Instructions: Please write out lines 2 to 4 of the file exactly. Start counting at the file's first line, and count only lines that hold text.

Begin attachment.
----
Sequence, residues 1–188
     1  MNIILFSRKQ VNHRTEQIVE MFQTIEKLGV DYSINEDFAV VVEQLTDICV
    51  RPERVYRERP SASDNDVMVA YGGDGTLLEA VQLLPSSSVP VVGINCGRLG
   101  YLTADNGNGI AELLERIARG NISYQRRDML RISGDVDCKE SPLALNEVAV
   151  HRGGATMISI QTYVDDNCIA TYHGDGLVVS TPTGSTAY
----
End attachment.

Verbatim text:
     1  MNIILFSRKQ VNHRTEQIVE MFQTIEKLGV DYSINEDFAV VVEQLTDICV
    51  RPERVYRERP SASDNDVMVA YGGDGTLLEA VQLLPSSSVP VVGINCGRLG
   101  YLTADNGNGI AELLERIARG NISYQRRDML RISGDVDCKE SPLALNEVAV